These experimental results could be interpreted in terms of constitutiveness or inducibility of pectinases as a function either of initial pH in the culture media or of the carbon source.
It can be clearly seen on Figure 1 that although final biomass for growth on glucose and pectin is similar, glucose is not depleted in the process time, contrary to pectin which is exhausted after 48 hrs. These findings suggest that A. flavipes FP-500 is better adapted to complex polysaccharides than to monosaccharides, since kinetics of growth is faster on the former substrates.
It should be observed that μmax varied in different carbon sources, with a clear trend to be higher for lactose and pectin than for monosacharide susbtrates. It is interesting to notice that this strain was able to grow on lactose as a sole carbon source and this is not usual. Other filamentous fungi showed a low growth rate on this substrate (Pakula et al. 2005), even when this carbon source has been reported as the inducer of cellulases in Hypocrea jecorina (anamorph of Trichoderma reesei), (Seiboth et al. 2004). The growth on lactose is related to the presence of β-galactosidase activity, a key enzyme for lactose utilization by this fungus. Considering that lactose does not occur in the natural environment of fungi, it has been proposed that the function of this β-galactosidase is the hydrolysis of terminal non-reducing β-D-galactose residues in plant cell wall components including hemicelluloses or pectins (Seiboth et al. 2007). Furthermore, in Aspergillus there is not a clear picture about lactose utilization; while A. nidulans is able to grow on lactose and galactose, A. niger does not (Seiboth et al. 2007). As it can be seen from our results, A. flavipes grows on lactose and is able to produce α- and β-galactosidase. So, it is probable that A. flavipes FP-500 is using a similar strategy to A. nidulans that allow the growth on lactose. Nevertheless, it would be necessary to develop additional experiments for demonstrating this hypothesis.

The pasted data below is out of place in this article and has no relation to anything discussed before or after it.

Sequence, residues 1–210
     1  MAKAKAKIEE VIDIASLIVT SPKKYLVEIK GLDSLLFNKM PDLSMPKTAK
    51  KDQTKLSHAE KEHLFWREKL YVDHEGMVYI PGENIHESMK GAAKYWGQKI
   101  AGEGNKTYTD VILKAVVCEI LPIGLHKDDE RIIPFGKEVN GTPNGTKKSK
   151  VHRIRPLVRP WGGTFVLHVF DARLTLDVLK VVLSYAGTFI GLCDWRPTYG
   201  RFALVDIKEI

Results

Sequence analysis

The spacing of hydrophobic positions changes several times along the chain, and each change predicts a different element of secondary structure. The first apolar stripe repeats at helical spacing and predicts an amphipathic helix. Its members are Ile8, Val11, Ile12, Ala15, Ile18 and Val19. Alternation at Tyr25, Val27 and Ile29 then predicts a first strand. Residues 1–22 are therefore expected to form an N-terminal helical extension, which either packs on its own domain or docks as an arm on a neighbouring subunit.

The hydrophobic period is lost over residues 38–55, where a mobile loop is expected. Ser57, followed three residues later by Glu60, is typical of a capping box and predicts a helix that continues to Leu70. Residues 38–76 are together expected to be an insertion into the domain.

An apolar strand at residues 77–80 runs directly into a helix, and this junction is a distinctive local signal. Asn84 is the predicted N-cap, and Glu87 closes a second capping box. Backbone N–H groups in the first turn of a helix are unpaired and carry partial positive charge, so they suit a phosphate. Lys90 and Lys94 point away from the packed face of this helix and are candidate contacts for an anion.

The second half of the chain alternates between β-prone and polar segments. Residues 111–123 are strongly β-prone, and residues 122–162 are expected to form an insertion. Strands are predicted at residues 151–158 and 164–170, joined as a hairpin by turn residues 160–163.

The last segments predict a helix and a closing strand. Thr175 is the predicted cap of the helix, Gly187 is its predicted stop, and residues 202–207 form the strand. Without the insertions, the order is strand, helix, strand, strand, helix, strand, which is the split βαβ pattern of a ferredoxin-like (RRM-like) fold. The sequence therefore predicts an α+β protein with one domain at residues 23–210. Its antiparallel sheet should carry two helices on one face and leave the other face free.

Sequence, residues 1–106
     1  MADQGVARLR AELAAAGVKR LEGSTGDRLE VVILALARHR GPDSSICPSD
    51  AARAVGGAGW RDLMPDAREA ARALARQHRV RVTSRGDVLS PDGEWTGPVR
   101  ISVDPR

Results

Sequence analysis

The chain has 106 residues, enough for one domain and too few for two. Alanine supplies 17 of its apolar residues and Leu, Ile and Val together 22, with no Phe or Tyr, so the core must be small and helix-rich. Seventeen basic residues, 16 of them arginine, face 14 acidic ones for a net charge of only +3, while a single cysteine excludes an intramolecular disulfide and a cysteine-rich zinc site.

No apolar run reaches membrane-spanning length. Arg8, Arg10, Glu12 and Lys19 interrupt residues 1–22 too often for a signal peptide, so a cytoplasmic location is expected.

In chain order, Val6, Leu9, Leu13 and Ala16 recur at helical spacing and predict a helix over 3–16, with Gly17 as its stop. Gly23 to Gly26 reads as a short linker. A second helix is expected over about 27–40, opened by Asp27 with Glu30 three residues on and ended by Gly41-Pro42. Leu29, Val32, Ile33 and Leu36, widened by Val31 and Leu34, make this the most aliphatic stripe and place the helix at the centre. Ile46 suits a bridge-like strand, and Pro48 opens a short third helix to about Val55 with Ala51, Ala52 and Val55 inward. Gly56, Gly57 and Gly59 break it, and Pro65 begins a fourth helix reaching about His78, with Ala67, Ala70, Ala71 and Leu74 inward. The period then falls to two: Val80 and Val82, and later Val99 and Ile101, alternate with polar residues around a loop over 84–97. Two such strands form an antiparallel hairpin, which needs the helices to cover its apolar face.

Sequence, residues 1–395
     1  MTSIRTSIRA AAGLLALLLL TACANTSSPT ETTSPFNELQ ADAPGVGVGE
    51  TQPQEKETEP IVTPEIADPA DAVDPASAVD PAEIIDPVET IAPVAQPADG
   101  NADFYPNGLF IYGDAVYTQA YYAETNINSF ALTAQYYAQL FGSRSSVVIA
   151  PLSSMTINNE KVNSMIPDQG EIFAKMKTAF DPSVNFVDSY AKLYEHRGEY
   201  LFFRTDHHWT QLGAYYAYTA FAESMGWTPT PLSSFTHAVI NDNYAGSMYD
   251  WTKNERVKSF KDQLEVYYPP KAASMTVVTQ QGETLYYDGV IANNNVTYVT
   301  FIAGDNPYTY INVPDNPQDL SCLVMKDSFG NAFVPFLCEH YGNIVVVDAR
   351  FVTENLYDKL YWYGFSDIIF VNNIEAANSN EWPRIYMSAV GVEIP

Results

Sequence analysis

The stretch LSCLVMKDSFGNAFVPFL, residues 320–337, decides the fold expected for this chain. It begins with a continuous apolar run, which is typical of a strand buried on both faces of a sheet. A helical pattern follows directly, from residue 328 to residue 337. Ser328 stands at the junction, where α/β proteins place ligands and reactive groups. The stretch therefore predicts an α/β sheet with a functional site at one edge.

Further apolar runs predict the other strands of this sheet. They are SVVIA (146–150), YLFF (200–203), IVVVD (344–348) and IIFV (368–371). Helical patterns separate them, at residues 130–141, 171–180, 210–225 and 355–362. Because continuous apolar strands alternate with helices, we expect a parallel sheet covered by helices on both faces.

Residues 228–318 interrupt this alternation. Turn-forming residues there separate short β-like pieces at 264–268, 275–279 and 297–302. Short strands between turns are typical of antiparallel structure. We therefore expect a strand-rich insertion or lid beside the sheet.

The highest μmax values were reached with data from a pectin culture, so pectin allows a good microbial biomass production in this strain. Besides, this behavior could explain the elevated polygalacturonases production of the fungus when it grew on pectin as carbon source. A. flavipes FP-500 is a good pectinases producer, whose pectinases production is better than other Aspergillus strains, such as those reported for A. niger F-1119, which produced barely 10.8 U/ml and 2.1 g/L of biomass on citrus pectin (Shubakov and Elkina, 2002).
The α parameter involved in Leudeking-Piret model expresses the enzyme production associated with the growth of the microorganism. Moreover, analysis of μmax - α plots can give some insight about constitutiveness, if α remains constant eventhough changes in μmax are presented; or inducibility, if α increases regardless the behavior of μmax.
For growth on glucose (Figure 2a), no matter what initial pH was adjusted in the culture, low values for α were obtained. The numerical values were not higher than 1.65 U/g what is considered relatively low, and might be reflecting a basal enzyme activity. Taking into account that glucose is not a constituent of pectin structure, the behavior observed in this μmax – α relationship suggests that there is a constitutive part of polygalacturonases produced by A. flavipes FP-500, which is expressed under any pH condition.